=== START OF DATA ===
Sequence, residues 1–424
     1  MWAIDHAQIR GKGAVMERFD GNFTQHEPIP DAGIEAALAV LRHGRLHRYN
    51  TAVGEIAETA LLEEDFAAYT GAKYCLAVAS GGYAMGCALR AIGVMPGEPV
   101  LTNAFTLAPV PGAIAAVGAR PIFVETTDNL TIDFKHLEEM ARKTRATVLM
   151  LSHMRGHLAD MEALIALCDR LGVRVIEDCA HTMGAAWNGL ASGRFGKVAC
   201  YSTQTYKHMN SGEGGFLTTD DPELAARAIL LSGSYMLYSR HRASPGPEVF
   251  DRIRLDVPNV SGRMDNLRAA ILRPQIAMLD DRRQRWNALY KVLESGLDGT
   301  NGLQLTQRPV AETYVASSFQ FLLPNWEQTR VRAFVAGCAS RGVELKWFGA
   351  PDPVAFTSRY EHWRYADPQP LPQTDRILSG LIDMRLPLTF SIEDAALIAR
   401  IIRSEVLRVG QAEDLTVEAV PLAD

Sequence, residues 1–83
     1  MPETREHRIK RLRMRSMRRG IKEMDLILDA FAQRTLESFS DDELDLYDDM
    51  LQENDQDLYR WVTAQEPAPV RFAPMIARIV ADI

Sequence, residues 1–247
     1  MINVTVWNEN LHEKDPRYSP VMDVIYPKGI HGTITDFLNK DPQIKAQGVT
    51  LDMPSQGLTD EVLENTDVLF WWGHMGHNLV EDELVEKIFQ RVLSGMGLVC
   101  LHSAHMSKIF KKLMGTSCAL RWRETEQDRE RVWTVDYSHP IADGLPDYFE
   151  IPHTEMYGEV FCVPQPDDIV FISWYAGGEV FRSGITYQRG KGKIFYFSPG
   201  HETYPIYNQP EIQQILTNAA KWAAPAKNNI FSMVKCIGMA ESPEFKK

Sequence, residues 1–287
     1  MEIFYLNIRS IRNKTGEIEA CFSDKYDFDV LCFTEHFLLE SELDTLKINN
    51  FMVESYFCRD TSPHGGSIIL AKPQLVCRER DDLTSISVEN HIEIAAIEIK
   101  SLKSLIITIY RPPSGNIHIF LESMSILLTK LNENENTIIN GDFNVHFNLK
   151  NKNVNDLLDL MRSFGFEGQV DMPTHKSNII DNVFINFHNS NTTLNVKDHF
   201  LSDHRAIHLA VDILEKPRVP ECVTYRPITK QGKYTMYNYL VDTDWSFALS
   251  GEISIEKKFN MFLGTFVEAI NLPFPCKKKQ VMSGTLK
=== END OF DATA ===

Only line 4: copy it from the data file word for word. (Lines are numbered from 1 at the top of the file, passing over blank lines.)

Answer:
   101  LTNAFTLAPV PGAIAAVGAR PIFVETTDNL TIDFKHLEEM ARKTRATVLM